Last week, eight teams met all the criteria that the last 13 tournament champions possessed, and another two schools just missed due to soft schedules. This week, only seven teams have all the characteristics of tourney winners and three are on the cusp, with schedules that are too easy. Florida has fallen all the way off the stats champ list. Ohio State has dropped into SOS purgatory—and North Carolina has vaulted into contention.
Remember—every single champion after 2000 has possessed these characteristics:
- A one, two or three seed
- Member of a Power conference: ACC, Big East, Big Ten, Big 12, Pac-10 or SEC
- Either went to the previous year’s dance or have an All-American
- Led by a coach with more than five tourney trips and at least one Elite Eight run
- Averaging more than 73 points per game
- Allowing fewer than 73 points per game
- An average scoring margin of at least seven points per game
- A schedule among the 75 strongest in the country
Take a look at the chart below. The seven teams with an orange “8” in the final column meet all champ qualifications. The three teams with a blue “7” are only missing the SOS.
Arizona, Syracuse, Wisconsin, Michigan State, Villanova, Kansas, and North Carolina all have the statistical chops to be champs. Ohio State, Louisville and Kentucky are almost certain to get there once their schedules toughen up. Duke is inching closer to qualifying as well. After a solid defensive effort against Michigan, the Blue Devils are just 0.2 points per game away from meeting the “points against” criterion.
Who else might climb onto the champ list before the season is done? Florida could certainly get there, but Scottie Wilbekin’s injury makes an already low-scoring squad that much more offensively challenged. Pitt and Michigan are also possible candidates. The Panthers are criminally overlooked right now, while the Wolverines are trying to figure out life without Trey Burke. Iowa and Creighton also have better possession-based Pythag numbers than the AP ratings suggest. But neither Fran McCaffery nor Greg McDermott have the tourney success to qualify for the champ list.
Pomeroy’s thoughts on this year’s low Pythag numbers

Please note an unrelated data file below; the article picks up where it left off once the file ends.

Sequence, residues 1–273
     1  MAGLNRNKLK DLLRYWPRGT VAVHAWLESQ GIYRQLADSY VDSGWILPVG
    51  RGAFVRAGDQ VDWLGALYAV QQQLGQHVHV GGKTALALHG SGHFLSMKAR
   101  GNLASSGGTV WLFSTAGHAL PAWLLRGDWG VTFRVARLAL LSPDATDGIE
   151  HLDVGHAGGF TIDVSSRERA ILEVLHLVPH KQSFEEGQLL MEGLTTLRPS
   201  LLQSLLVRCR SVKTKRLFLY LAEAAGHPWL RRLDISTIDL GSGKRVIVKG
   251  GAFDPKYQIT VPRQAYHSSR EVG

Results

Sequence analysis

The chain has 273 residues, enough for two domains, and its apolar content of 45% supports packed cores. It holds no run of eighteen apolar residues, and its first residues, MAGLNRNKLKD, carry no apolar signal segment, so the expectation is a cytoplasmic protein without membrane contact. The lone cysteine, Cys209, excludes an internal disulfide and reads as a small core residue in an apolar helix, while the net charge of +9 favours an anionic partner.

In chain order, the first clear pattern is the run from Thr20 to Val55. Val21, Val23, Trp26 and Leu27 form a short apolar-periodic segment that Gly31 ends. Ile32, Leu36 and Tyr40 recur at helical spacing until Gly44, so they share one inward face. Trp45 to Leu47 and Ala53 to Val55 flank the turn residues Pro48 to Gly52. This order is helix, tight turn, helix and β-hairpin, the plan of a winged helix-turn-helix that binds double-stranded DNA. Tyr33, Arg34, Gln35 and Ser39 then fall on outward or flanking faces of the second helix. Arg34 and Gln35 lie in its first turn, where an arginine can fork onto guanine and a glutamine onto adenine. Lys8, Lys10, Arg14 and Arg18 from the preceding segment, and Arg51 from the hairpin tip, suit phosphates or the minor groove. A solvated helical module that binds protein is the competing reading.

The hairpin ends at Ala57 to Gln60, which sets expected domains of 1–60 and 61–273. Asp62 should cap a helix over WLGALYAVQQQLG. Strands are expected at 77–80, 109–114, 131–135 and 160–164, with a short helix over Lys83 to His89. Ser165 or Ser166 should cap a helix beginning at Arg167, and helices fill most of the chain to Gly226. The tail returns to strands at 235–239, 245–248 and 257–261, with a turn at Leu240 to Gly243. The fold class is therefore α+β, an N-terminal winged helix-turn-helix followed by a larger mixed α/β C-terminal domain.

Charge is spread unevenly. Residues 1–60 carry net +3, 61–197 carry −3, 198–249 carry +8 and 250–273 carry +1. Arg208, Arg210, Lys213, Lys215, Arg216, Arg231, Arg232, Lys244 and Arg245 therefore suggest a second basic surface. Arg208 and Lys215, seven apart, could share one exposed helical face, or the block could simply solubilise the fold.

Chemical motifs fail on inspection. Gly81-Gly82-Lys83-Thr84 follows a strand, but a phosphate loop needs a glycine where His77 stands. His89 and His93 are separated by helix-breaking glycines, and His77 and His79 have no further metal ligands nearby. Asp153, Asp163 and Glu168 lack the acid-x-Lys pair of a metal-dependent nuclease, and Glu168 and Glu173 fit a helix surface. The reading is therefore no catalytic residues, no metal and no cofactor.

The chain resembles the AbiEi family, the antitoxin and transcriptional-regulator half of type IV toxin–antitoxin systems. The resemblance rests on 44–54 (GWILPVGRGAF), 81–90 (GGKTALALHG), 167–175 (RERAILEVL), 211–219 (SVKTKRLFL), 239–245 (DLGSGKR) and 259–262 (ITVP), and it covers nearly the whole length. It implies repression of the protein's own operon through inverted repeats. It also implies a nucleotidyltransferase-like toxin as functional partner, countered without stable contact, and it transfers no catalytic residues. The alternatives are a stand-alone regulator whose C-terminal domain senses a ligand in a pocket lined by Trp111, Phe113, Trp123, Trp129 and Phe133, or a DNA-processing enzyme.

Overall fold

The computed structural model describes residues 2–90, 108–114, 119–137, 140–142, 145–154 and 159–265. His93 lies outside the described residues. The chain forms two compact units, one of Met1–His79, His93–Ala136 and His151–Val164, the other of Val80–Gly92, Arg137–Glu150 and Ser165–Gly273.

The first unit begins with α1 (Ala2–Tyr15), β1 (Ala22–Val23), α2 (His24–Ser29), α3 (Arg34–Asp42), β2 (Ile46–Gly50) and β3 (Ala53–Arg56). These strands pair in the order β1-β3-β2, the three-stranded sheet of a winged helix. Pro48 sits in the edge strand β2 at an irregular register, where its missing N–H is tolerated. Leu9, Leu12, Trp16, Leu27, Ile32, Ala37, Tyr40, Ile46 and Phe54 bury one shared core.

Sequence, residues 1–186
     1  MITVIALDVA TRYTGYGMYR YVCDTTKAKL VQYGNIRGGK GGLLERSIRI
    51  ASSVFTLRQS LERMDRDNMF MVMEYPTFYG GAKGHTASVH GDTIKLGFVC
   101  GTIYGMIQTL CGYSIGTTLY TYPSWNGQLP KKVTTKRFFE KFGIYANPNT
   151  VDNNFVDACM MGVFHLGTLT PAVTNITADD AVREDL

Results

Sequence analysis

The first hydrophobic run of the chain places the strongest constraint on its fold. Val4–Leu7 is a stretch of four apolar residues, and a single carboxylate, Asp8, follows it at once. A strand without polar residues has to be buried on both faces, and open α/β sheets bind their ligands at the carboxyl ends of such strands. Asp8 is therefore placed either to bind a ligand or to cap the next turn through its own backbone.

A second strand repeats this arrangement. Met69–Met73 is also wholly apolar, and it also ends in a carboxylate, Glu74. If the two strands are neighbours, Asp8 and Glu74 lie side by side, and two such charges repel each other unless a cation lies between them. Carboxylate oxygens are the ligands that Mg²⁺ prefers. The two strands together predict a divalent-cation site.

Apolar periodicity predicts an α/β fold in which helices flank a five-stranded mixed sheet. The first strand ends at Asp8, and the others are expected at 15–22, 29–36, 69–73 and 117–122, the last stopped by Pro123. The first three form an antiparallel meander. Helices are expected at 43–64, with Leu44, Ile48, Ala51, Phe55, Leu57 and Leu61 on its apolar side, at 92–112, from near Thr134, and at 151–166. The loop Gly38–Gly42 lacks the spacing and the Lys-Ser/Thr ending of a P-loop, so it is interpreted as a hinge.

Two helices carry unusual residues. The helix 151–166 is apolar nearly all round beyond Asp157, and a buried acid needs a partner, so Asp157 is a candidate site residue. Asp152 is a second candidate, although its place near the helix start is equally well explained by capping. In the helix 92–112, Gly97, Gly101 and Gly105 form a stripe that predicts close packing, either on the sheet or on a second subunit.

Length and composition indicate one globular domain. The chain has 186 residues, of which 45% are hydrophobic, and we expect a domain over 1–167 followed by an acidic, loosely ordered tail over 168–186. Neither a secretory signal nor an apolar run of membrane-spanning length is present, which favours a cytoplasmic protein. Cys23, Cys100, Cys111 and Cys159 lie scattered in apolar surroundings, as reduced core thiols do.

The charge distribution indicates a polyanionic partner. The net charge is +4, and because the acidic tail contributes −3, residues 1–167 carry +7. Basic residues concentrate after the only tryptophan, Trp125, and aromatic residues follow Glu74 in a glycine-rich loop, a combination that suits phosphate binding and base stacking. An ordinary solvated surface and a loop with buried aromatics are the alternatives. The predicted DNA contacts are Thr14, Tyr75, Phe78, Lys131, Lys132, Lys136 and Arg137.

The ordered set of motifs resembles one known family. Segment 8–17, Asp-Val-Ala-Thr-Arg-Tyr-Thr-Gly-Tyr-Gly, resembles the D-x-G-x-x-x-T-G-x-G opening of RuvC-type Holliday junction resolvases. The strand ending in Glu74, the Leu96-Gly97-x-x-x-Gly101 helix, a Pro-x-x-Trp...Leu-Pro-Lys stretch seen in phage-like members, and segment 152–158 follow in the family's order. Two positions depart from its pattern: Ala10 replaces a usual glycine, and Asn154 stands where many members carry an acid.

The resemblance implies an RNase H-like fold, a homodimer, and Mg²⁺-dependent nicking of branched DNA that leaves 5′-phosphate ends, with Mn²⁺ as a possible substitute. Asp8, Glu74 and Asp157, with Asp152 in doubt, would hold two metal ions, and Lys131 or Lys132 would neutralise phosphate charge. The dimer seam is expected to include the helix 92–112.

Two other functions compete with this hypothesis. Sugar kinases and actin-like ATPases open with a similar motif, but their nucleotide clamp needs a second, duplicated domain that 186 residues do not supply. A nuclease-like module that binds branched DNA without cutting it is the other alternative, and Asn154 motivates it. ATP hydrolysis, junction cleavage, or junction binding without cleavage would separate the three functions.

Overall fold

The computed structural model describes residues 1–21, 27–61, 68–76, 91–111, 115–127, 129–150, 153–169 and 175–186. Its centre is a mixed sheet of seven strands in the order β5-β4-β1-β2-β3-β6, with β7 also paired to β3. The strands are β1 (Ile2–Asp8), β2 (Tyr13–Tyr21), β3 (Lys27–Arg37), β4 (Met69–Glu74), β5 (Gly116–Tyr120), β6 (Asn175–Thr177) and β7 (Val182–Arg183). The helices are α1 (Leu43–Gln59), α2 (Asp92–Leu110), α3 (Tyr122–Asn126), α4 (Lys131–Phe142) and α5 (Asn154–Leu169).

In my December 4 post, I noted how incredibly bad the Pythag efficiency numbers are for this year’s top 20 teams—far below even the worst tourney field of the last decade. I sent Ken Pomeroy a note asking if he had any explanation for it. Here’s what Ken said:
“I wouldn’t read too much into that yet, because the preseason ratings still have some influence and those ratings are regressed pretty strongly, since we really can’t know who is great at the beginning of the season. I’d wait another month before drawing any conclusions in that regard using my ratings.”
That’s fair. But the fact remains that this year’s top 20 Pythag teams are markedly lower than any other top 20 at this point in the season. I’ll reserve judgment, though, until the first of the New Year.
Some readers had their own thoughts on why the numbers are so low. Both Jbessa and Gary Diny speculated that the rule changes hampering aggressive defending might be behind the lower efficiency numbers. But that factor would likely cut both ways—lowering defensive efficiency while increasing offensive efficiency. Mike L rightly pointed out that Ken Pomeroy’s possession-based formula estimates the number of possessions using a multiple of free throws. So if free throws are up, that might skew the formula. This is certainly a possibility. I haven’t looked at whether free throw attempts are up this year…but I’ll revisit this whole issue come 2014.
Evaluating champs using Pomeroy efficiency data
Last year, I pointed out that the last ten tourney champs have had no lower than a 115.1 offensive efficiency value (points per 100 possessions) and no higher than a 92.2 defensive efficiency value. UConn set both these upper and lower limits in 2011. The 2009 North Carolina squad was equally soft defensively, but their OE was 123.8.
I know, I know. Ken said it’s too early to make any judgment from his numbers. But just for giggles, here are all the teams that meet these two thresholds: Louisville. That’s right—exactly one team right now has both the offensive and defensive numbers to meet the efficiency numbers of the last decade of champions. Fourteen teams make the grade offensively, while only seven make it defensively. This could very well be the result of the rule changes punishing defenses. To give you some perspective, last year 18 of the Pythag top 20 met the defensive qualifications for a champion, while only eight were efficient enough offensively.
I’m going to take Ken’s advice and be patient. But something strange is going on this year. Maybe it’s the rules. Maybe it’s how those rules affect Ken’s formula. Or maybe—just maybe—this year’s college basketball’s best aren’t all that great this season.